A coalition of Tibetan rights and environmental groups called on BP Amoco Plc to use its power as a shareholder in PetroChina Co. to halt construction of a gas pipeline or sell its stock in the company.
“We urge you to immediately use your influence with PetroChina to stop the construction of the Sebei-Lanzhou pipeline and additional oil and gas activity in Tibet, or to divest” by Jan. 15, the groups said in a letter to Sir John Browne, BP Amoco’s chief executive. “We intend to ensure that you are held accountable for the actions of those entities in which you choose to invest.”
The Tibetan government-in-exile, headed by the Dalai Lama, has already called for an end to the pipeline’s construction, according to the letter. The International Campaign for Tibet, Friends of the Earth, the Sierra Club and more than 40 other groups signed the letter, arguing that the pipeline would “consolidate Chinese control and occupation of Tibert.”
Ian Fowler a spokesman for BP Amoco in New York, said the company is “not a direct participant in the pipeline.” BP Amoco owns 2 percent of the stock in PetroChina’s, the largest Chinese oil company, he said, declining further comment.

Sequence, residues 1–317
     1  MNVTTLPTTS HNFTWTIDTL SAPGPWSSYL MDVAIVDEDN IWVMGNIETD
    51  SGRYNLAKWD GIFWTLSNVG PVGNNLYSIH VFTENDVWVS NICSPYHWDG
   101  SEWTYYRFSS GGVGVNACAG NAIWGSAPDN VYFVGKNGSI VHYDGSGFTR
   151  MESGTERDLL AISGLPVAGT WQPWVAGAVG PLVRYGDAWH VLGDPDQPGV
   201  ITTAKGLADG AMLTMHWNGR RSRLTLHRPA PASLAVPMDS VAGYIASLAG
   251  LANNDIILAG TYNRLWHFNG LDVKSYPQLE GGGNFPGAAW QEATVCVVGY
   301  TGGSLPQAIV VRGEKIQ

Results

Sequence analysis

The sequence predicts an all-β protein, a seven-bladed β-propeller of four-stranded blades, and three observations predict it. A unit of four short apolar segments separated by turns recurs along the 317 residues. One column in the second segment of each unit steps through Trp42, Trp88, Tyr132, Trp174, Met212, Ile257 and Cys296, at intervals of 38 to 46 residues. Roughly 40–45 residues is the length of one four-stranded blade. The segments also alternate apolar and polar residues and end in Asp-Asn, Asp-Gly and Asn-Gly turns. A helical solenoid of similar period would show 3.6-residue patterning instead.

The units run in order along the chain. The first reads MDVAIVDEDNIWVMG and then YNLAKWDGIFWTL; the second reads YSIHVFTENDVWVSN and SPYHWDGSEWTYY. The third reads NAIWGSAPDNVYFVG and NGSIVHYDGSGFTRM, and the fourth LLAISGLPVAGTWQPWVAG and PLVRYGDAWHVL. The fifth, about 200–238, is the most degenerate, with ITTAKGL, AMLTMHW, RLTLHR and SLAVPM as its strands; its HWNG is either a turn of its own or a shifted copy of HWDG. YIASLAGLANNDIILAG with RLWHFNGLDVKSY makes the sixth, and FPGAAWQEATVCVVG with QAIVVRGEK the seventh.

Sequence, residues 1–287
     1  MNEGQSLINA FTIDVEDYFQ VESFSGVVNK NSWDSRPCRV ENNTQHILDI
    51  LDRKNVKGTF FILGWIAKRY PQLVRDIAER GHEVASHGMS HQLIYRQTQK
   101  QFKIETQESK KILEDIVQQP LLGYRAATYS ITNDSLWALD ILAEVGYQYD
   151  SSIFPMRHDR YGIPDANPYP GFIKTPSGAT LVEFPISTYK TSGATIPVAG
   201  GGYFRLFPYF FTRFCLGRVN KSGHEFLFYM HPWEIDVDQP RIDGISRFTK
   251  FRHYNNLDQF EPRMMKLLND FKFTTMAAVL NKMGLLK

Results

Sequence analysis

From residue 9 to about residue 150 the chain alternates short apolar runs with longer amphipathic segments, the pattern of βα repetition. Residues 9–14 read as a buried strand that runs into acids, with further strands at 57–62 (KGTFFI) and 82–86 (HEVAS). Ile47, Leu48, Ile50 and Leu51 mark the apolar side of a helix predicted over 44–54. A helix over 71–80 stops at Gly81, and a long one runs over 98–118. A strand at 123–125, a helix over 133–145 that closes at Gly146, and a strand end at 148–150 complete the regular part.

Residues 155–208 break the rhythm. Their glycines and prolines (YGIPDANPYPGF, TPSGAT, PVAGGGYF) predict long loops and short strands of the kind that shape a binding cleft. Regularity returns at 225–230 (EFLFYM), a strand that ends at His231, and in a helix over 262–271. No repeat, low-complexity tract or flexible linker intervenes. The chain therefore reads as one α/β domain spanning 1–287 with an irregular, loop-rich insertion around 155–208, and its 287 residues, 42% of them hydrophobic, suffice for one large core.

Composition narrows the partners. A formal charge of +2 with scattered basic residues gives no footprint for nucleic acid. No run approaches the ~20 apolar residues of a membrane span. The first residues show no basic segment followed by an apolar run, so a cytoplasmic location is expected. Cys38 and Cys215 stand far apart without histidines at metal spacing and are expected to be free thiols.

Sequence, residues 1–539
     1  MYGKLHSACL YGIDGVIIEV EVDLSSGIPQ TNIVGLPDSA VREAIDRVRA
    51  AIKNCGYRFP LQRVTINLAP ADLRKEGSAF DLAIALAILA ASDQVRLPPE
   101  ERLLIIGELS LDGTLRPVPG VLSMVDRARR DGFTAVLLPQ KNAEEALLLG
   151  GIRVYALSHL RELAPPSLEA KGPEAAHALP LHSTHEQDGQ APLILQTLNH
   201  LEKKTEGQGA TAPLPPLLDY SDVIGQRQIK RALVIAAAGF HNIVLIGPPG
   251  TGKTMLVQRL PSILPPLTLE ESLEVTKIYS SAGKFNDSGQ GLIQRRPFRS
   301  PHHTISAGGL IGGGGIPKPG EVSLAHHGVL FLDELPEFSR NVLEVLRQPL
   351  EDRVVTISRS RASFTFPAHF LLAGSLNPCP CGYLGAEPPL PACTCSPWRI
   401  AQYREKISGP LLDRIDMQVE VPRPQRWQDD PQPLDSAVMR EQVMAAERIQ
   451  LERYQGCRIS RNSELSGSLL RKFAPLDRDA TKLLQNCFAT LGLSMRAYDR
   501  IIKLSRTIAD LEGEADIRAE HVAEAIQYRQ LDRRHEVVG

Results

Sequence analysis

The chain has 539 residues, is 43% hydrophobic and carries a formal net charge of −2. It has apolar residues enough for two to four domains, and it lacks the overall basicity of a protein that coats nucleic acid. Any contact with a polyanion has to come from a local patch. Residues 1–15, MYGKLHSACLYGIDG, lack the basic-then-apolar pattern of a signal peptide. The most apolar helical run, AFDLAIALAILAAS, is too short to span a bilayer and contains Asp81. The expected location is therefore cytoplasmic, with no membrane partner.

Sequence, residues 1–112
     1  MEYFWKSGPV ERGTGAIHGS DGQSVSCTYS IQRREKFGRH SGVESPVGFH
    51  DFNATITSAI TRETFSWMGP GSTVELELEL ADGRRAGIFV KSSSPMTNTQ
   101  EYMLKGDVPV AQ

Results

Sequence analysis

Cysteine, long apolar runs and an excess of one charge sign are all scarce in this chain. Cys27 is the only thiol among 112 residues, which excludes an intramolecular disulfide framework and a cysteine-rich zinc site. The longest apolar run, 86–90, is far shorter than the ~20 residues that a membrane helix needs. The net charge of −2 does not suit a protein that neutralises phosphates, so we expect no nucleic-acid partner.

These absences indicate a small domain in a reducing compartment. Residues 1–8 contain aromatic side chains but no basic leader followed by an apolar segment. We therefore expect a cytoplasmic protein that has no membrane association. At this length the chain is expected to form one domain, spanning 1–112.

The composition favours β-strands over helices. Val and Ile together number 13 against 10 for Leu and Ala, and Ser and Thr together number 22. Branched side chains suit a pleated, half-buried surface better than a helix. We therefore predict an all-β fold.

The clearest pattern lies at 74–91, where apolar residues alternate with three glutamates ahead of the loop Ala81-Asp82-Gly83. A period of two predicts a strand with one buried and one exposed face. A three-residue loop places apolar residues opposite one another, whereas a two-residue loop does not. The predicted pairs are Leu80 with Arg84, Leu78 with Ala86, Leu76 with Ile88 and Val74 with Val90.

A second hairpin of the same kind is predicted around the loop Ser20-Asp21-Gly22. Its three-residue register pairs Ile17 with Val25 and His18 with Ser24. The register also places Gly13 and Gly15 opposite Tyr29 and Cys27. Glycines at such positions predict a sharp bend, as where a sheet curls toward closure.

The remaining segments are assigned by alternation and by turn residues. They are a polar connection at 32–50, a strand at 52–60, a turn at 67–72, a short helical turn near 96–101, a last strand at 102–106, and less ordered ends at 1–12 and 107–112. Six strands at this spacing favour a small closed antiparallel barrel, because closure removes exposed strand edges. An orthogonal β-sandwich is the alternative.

BP Amoco is the world’s third-biggest publicly traded oil company and has spent more than $2.5 billion developing oil fields and building chemical plants in China, making it one of the country’s largest investors.
Many labor and human rights groups took credit earlier this year for persuading many pension funds not buy shares during PetroChina’s initial public offering and later urged the funds not to invest in it. They also helped persuade the World Bank to stop a loan for Western China that activists said would have harmed Tibetans by paying for other ethnic groups to move onto Tibetan land.
“Your ability to influence PetroChina on this critical issue is being viewed as a litmus test of your commitment to human rights in China by the Tibet movement,” the letter said, adding that discussions with BP Amoco on this matter began six months ago without the company taking “actions of substance.”
John Gore, a BP vice president for government and public affairs has already told International Campaign for Tibet that the company doesn’t believe that it has “interests in Tibet,” in another letter dated Oct. 23.
“BP will continue to be a constructive voice within China and a force for progress,” Gore wrote. “Without involvement there can be no influence.”
PetroChina said in July it plans to build a cross-country pipeline to transport natural gas from Xinjiang to Shanghai. Completion of the 4,200-kilometer line by 2005 could double PetroChina’s revenue, the company said.